This text, both its teaching about excommunicating impenitent sinners who are an embarrassment to Christ and the prohibition against taking civil suits between Christians before those who are not part of the visible church body, is based on the distinction between those without and those within. That is, those without the visible church at Corinth and those who were visibly within that church. Being a member or not was something that could, and should, be observed.

 Colossians 4:5, "Walk in wisdom toward those who are outside, redeeming the time."

 We must have tools by which we tell the difference formally between those within and those without the church, or we cannot obey this command. What other tool than baptism and the being counted in the "number" do we find in the New Testament?

 

Argument Four: The New Testament does not view as a Christian those who do not remain visible members of Christ's church. That is, those who cannot be COUNTED among the number of those who are in the church.

 I John 2:19, "They went out from us, but they were not of us; for if they had been of us, they would have continued with us; but they went out that they might be made manifest, that none of them were of us."

 These people were viewed as no longer credibly professing faith. Why? They had left the church of the Lord Jesus Christ, which is the depository of the Gospel (I Timothy 3:15). Church membership is a serious thing to the God Who revealed the Bible!

 

Argument Five: Christ's insistence that all the saved will confess Him before men, and the visible Church's sole position as the place for that confession to take place.

 Matthew 10:32-33, "Therefore whoever confesses Me before men, him I will also confess before My Father who is in heaven. But whoever denies Me before men, him I will also deny before My Father who is in heaven."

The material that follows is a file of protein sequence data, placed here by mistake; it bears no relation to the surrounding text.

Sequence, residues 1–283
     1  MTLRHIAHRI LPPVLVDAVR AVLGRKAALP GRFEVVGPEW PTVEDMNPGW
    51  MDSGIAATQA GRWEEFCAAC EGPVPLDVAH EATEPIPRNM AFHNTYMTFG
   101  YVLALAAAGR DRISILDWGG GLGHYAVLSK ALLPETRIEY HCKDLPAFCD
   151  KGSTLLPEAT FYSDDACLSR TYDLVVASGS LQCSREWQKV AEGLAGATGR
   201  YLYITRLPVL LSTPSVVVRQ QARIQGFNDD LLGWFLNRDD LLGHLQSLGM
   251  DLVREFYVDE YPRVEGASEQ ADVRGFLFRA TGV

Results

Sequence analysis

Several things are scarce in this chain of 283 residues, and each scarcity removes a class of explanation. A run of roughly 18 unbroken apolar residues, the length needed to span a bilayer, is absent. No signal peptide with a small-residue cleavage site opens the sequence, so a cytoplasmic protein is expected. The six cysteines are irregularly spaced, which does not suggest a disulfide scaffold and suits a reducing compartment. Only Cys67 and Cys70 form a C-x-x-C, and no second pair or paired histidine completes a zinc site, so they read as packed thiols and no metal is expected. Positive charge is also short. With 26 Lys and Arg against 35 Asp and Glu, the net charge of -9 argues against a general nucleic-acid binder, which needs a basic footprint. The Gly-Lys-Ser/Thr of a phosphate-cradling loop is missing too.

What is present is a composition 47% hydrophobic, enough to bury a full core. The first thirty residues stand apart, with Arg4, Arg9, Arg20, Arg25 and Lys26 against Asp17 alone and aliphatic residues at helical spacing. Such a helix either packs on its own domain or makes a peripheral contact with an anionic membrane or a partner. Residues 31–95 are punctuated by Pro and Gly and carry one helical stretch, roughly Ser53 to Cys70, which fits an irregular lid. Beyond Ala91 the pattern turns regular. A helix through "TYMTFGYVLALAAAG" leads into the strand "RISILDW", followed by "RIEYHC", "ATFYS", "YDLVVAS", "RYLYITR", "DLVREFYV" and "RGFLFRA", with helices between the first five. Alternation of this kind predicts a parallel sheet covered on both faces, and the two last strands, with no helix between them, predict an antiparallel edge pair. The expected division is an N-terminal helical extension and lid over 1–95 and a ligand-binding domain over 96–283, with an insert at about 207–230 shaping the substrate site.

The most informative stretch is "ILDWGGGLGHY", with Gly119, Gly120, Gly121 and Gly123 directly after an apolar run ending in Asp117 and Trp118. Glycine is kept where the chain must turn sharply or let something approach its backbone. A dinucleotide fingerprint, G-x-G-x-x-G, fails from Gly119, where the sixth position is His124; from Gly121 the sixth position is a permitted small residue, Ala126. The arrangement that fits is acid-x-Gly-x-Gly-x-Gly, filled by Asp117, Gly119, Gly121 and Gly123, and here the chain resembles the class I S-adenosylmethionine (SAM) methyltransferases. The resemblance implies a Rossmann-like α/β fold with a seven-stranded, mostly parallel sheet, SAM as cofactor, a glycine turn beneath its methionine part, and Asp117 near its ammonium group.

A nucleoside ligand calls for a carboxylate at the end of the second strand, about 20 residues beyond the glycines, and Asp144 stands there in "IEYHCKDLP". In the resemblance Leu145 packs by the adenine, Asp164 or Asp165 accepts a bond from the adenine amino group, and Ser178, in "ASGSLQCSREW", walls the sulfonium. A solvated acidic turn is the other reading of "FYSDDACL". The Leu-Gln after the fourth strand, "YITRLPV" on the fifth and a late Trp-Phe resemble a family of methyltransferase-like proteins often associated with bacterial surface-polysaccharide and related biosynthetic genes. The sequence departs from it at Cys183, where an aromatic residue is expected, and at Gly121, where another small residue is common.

Where does such public confession take place in the New Testament? At baptism as we publicly unite with Christ's visible Church (as we have al-ready seen), and during communion (I Corinthians 11:26). Communion is given to members of Christ's visible Church to signify their spiritual union together with and in Christ (I Corinthians 1:2 with 10:16-17 and 11:17-34).

 

Argument Six: The New Testament epistles were written for those who could be visibly seen as members of Christ's visible church. The Bible, as the Book of the Covenant, was especially given to those who were observable members of the covenant by visible union with the visible church.

 Romans 1:7, "To all who are in Rome, beloved of God, called to be saints: Grace to you and peace from God our Father and the Lord Jesus Christ." With Romans 16, the entire chapter.

 I Corinthians 1:2, "To the church of God which is at Corinth, to those who are sanctified in Christ Jesus, called to be saints, with all who in every place call on the name of Jesus Christ our Lord, both theirs and ours..." And II Corinthians 1:1, "Paul, an apostle of Jesus Christ by the will of God, and Timothy our brother, To the church of God which is at Corinth, with all the saints who are in all Achaia..."

 Galatians 1:2, ".. To the churches of Galatia..." (Galatia was a region; regions and large cities in the New Testament had multiple visible churches.)

 Ephesians 1:1, "Paul, an apostle of Jesus Christ by the will of God, To the saints who are in Ephesus, and faithful in Christ Jesus..." (The "saints" could be visibly differentiated from those who were unsaved.)

 Philippians 1:1, "Paul and Timothy, bondservants of Jesus Christ, To all the saints in Christ Jesus who are in Philippi, with the bishops and deacons..."

 

Note: churches in the New Testament are not just informal Bible studies in someone's living room, but they have biblical officers who are to preach the Word (Ephesians 4:11-12), administer the sacraments (Matthew 28:18-20; I Corinthians 11:23), and discipline those members who are erring from the truth in doctrine or life (John 20:22-23 with I Corinthians 4-5, I Timothy 1:3, and Titus 1:5-9).

Colossians 1:2, "To the saints and faithful brethren in Christ who are in Colosse: Grace to you and peace from God our Father and the Lord Jesus Christ."